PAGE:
The archive of Valery Faminsky (1914–1993), first discovered in Moscow, is a one-of-a-kind find. From 22 April to 24 May 1945 he captured pictures of Berlin in ruins, of its population, and of the everyday lives of Russian troops.
Valery Faminsky was one of the first soldiers to enter the embattled city in April 1945. His actual task was to document medical provisioning and the logistics of wounded soldier transports for the Red Army’s Institute of Military Medicine. Equipped with this legitimation, he was able to move through the city freely. Driven by his photojournalistic and artistic interest, he violated the official ban on photographing the civilian population, desperation, and destruction.
Shorn of pathos or propaganda but instead imbued with a deeply humanist perspective, Faminsky’s photographs depict the utterly destroyed city, the exhausted population, and the everyday lives of Soviet troops. He shows the deep longing for peace, and his interest was always focused on the individual fates of people on both sides of the front. Foreign workers on their way home, German refugees, civilians looking for their relatives, food, and water. A day-to-day between the ruins composed of extreme living situations. In these pictures people encounter one another as humans, not as victors and defeated.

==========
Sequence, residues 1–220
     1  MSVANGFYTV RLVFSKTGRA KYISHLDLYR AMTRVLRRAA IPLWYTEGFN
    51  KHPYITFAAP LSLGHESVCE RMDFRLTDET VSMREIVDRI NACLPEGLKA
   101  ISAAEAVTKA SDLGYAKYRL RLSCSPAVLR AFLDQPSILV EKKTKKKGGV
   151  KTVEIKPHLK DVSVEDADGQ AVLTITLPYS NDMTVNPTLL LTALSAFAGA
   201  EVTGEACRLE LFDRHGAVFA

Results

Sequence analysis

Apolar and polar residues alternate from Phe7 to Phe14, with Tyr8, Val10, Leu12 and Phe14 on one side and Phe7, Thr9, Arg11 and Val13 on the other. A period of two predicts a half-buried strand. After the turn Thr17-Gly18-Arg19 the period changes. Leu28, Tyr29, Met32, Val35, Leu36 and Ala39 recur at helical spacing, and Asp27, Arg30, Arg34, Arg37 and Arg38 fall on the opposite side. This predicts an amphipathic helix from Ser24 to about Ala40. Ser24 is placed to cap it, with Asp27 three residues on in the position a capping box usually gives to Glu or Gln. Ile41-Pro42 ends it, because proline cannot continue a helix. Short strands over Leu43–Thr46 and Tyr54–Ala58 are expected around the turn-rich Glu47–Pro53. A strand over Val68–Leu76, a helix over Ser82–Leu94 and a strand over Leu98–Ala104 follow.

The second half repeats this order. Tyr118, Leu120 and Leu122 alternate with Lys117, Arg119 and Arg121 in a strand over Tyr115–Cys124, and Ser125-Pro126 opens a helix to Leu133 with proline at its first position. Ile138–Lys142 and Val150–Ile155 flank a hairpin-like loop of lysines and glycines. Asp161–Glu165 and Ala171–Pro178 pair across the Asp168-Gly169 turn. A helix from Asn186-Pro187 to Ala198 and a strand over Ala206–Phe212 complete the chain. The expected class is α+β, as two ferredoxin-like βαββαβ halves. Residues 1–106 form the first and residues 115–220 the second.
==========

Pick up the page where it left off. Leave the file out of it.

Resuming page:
Faminsky returned to Moscow with his photographs on 24 May 1945. He never published them. They were discovered in his estate by his grandchildren, who auctioned off his archive spanning nearly 500 negatives on the Internet. The Ukrainian photojournalist Arthur Bondar, who lives in Moscow, discovered and purchased the archive in 2017 und made them available to the Russian public for the first time.
The archive was exhibited in Germany for the first time in 2019. The opening was held at Franz-Mehring-Platz 1 in Berlin, initiated by the Willi Münzenberg Forum. An illustrated volume was published as an accompaniment to the exhibition.